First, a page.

"Well, sure!" Blaine pulled into the pick up line at Annika's school, the same school he had taught at just a few short years ago. "I'm not going to say no to Vanity Fair!"

"Great!" Nina said brightly. "I'll call them to let them no. Give Anni a kiss for me."

"Will do." Blaine pressed the end call button, pulling ahead in line. Vanity Fair. What were the chances?

If there was one thing Kurt Hummel didn't want to be writing about, it was mommy bloggers. He was the executive editor for the life and style department at, so he supposed it came with the territory, but it still seemed like a massive, completely ridiculous, pain in the ass, dealing with ever-so-put together women who thought their styles were "so quirky" who had somehow become millionaires by writing about what little Journey and Madison had eaten for breakfast. They would talk all about how their children were their inspiration and how they felt like people who didn't have children were missing out, while the kids screamed the whole time and the photographer thought about how many photoshop actions would be needed to cover the sheer amount of snot they were producing.

Kurt had wanted children once, but that had been an impossibly long time ago, back when he was a rosy cheeked idealist, back before he had fucked his boss and broken the heart of the only boy who had ever loved him. Sure, he had stayed with Greg for twelve years, even after catching him-on multiple occasions-with other young, rosy cheeked, idealistic interns, but Greg hadn't exactly been the kid type, and by the time he took off to Aruba with Mikey the intern, neither was Kurt.

"Good news," Mona, the senior editor, burst into Kurt's office and through his reverie. "you won't have to interview a mommy blogger after all."

Kurt's eyes lit up. "They scrapped the article?"

"No." Mona handed him a folder. "they want you to interview a daddy blogger."

Kurt raised an eyebrow, taking the folder from Mona. "Somehow, that sounds worse."

Mona laughed, rumpled his hair, and Kurt shot her an annoyed look that got largely ignored. "it'll be fun," she said, "Promise."

"That's what you think," Kurt muttered darkly, but Mona had already turned on her Christian Loubotins and was gone.

Still grumbling, he sat down at his desk and opened the folder. "Confessions of a Gay Single Dad," he read, and immediately his interest was, ever so slightly, piqued. He typed the URL into his web browser and drummed his fingers on the desk, waiting for it to load. The masthead showed a little girl with chestnut brown curls and a Gymboree backpack heading toward a school. Her back was away from the camera, but her head was turned, laughing, waving. "Gay Single Dad, September 2027" it read. "Confessions of a first grader". Innocuous enough, Kurt thought, and clicked over to the "About me" tab without bothering with any of the entries.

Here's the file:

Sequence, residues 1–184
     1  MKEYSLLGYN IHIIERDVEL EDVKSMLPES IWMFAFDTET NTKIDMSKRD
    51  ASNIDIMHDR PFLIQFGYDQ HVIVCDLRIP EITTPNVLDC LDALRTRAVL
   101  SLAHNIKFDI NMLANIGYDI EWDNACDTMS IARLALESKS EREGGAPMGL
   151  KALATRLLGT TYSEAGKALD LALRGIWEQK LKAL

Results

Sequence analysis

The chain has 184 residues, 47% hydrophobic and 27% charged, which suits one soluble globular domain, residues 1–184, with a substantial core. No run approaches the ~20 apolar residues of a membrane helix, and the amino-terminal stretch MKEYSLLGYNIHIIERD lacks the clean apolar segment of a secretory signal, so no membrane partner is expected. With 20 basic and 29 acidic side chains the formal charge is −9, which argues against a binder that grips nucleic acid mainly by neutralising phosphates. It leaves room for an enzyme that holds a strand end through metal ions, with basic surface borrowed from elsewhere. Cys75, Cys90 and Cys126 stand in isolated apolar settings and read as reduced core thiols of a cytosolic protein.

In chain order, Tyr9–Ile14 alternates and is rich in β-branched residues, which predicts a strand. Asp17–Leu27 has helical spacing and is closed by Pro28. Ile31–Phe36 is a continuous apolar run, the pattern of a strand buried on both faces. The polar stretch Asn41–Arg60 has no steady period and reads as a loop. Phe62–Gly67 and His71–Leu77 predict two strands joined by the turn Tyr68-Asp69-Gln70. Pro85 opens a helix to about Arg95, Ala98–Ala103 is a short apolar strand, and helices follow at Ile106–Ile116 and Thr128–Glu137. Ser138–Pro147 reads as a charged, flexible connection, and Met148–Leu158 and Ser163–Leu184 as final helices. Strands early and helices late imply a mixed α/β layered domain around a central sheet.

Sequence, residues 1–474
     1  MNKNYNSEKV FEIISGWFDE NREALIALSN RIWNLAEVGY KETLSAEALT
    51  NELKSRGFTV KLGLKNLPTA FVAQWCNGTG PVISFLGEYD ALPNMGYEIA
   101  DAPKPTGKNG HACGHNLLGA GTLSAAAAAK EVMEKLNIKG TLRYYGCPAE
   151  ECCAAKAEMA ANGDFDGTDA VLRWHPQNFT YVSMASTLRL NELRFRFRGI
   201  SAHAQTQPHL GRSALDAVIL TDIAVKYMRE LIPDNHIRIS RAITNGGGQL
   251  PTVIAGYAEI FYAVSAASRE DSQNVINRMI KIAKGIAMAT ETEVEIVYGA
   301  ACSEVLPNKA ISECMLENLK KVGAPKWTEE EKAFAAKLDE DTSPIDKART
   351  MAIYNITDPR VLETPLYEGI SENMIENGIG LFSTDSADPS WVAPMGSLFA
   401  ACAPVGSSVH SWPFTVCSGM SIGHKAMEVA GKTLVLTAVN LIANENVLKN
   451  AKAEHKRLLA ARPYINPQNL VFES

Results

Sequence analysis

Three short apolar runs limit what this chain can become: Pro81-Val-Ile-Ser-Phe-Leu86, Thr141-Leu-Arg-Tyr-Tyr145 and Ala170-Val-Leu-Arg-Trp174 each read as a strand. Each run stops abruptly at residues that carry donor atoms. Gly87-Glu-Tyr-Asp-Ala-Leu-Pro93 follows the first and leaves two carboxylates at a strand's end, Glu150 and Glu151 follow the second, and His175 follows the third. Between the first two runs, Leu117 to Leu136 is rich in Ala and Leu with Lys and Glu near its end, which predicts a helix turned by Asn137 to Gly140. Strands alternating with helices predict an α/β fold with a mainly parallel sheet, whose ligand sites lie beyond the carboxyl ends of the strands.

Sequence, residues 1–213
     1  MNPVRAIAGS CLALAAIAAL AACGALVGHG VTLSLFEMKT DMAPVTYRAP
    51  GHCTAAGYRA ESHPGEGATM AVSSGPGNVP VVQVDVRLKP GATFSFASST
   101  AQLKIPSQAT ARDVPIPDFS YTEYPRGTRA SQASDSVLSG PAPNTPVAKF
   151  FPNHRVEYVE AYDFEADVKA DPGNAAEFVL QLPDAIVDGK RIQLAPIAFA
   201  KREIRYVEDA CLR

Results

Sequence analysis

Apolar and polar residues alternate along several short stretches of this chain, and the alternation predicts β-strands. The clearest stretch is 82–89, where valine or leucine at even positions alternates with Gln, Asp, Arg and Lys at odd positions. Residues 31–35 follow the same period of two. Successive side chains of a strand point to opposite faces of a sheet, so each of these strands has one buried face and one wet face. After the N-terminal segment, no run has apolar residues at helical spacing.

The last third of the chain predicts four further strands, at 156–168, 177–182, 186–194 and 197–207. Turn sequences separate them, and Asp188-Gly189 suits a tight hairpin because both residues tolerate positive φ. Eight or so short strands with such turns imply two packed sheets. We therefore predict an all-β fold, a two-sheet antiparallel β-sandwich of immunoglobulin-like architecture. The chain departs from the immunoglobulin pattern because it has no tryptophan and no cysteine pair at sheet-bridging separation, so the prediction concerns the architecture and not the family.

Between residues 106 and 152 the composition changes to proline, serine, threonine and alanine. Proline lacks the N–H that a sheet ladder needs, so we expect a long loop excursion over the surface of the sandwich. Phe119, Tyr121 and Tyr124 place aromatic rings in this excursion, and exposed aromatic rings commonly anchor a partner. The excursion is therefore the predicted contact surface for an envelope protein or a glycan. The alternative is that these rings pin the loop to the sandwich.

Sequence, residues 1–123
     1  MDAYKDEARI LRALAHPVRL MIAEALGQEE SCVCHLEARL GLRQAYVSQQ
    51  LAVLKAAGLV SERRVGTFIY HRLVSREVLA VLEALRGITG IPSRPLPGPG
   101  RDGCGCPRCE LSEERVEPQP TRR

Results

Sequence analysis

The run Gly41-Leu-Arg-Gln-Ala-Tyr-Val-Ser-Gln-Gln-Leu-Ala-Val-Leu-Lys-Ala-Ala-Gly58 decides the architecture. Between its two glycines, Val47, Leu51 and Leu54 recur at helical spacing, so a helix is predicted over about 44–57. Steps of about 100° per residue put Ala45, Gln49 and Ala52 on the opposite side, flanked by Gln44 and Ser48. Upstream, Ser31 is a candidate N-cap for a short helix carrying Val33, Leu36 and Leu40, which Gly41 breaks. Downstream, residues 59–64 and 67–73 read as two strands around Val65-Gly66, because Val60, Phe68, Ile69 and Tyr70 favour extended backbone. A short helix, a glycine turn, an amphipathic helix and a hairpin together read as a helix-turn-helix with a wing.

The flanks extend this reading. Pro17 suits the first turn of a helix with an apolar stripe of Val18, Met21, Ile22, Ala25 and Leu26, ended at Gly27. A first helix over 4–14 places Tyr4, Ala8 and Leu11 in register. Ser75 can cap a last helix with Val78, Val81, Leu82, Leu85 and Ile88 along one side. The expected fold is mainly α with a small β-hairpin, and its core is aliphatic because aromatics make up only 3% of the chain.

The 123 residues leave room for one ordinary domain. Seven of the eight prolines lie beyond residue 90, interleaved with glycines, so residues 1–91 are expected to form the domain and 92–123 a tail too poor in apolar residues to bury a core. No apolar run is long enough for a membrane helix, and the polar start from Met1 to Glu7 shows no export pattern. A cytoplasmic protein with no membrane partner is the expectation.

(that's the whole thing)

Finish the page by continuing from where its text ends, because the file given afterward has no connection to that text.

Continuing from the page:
The headshot hit him like a ton of bricks. There was the chestnut-haired little girl again, smiling, her head bent as she looked down at something in her father's hand. But it was the father that struck him. He was older, now, a few lines appearing on that chiseled, godlike face,but the curly dark hair was the same, the mischievous dark eyes. The expression on his face was distinctly Blaine. Kurt paused. It couldn't be. Could it? He admittedly had not kept up with Blaine since he'd left him, but last he'd heard he was a teacher, not a blogger. Taking a deep breath and holding it, Kurt began to read the blurb.

"Blaine Anderson is an acclaimed..." Kurt let out his breath. Well, this just got a lot more interesting. Dazedly, he glanced up at the clock on his wall. 5:30. He didn't technically get off until six, but he felt like this was warranted. He needed a good stiff drink.

Annika was a flurry of activity as she climbed into the back seat of the car, buckling herself in. "Today we had library and music and gym and drama," she was saying. "I got a new unicorn friends book. Tomorrow it's picture day and I wanna wear my blue dress and Molly had a Nutella sandwich so I traded my Reeces Pieces for it and in music I was playing the triangle and it was really fun." she took a breath and glimpsed the hot chocolate in the front seat cup holder. "Ooh, coffee!" she said excitedly. Blaine listened, amused, to her babbling. "Sounds like an exciting day. We'll have to start the unicorn book at bedtime, huh?" Annika nodded, but she was focused on the "coffee". Blaine handed it to her, and his phone began jangling with a text message from Nina. "vf journalist will b there sat around 2 pm," it read. "stylist will b there around 11. try to pick stuff that represents you both best. qs will be abt blogging , parenting, style, etc."

"Got it," Blaine typed back, turning the radio on and handing Annika her iPod and the auxiliary cable, trying not to cringe as Olly Jonas (son of one of the Brothers, Blaine had never been able to keep them straight) filled he car. "Whats the journalists name?" he liked to do his homework before an interview, check out what they had done in the past so he knew what to expect.

They were at home before Blaine got Nina's reply. "Kurt Hummel," the text said. "hey, didn't u used to date someone named Kurt?"